Welcome to my home base. I’m a writer and actor in New York City with a love for fairy tales, travel, and cheese.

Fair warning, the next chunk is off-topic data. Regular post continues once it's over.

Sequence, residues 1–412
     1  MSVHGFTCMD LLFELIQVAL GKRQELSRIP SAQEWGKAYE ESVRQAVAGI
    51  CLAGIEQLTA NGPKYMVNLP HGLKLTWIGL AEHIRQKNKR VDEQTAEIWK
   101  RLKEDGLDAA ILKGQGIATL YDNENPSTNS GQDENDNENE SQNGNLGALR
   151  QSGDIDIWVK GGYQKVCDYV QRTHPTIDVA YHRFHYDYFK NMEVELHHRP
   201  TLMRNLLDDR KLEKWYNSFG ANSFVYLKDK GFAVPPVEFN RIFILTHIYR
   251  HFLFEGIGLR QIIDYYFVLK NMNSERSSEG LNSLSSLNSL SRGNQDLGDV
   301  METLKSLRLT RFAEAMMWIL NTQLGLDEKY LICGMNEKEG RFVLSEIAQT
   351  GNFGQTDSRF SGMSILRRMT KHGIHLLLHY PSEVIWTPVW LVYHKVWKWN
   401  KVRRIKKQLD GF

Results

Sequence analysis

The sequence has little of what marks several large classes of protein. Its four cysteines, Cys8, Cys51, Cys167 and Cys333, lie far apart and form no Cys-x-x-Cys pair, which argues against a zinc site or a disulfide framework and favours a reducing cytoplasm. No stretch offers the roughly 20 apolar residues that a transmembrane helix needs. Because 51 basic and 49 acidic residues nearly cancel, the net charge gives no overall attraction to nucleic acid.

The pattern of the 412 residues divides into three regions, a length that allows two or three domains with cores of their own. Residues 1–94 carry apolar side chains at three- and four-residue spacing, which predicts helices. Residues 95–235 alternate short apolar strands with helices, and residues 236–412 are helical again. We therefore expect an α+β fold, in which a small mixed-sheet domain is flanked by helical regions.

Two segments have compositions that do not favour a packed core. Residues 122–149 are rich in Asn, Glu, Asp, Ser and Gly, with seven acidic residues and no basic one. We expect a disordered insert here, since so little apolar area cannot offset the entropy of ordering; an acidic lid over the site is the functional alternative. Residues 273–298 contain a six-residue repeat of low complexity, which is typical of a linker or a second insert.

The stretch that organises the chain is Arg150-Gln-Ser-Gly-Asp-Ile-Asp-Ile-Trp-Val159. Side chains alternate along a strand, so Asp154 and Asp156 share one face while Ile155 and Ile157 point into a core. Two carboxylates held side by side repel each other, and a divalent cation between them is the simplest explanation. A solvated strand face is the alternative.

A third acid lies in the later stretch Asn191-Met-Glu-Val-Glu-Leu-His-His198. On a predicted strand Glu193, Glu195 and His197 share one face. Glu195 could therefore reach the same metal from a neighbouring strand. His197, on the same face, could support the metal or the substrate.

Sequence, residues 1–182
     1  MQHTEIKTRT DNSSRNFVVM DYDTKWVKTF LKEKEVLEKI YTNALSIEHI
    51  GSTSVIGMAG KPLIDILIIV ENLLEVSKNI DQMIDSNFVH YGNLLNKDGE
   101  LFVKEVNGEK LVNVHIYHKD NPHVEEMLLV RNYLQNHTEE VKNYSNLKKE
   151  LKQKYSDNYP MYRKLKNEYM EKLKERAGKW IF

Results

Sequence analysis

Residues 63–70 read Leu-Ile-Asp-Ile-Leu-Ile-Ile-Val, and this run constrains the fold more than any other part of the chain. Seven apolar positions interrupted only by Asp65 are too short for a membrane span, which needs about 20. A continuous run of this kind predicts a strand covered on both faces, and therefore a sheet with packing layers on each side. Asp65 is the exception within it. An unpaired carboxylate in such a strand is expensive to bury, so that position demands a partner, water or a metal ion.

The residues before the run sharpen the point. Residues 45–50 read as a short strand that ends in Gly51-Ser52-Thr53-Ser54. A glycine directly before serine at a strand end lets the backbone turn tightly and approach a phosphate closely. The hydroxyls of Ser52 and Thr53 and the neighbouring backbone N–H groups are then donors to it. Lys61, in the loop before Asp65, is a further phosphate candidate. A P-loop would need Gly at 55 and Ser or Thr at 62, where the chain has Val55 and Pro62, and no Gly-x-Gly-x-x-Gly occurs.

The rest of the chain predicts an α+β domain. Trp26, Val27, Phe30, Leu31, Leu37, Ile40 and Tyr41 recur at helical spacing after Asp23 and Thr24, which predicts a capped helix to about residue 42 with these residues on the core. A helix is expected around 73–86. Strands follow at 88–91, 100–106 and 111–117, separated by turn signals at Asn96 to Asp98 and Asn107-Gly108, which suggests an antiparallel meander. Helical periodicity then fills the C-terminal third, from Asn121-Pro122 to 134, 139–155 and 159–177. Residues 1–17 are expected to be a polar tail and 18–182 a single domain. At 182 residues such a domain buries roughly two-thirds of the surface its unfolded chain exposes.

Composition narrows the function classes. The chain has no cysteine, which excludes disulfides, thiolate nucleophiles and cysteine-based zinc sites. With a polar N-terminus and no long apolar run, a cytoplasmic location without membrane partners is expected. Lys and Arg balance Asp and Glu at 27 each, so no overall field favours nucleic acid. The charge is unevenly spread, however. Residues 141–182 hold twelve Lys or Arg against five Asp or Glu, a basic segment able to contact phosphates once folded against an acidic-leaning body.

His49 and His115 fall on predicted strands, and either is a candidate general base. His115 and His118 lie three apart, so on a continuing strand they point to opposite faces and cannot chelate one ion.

The Disney Princess Effect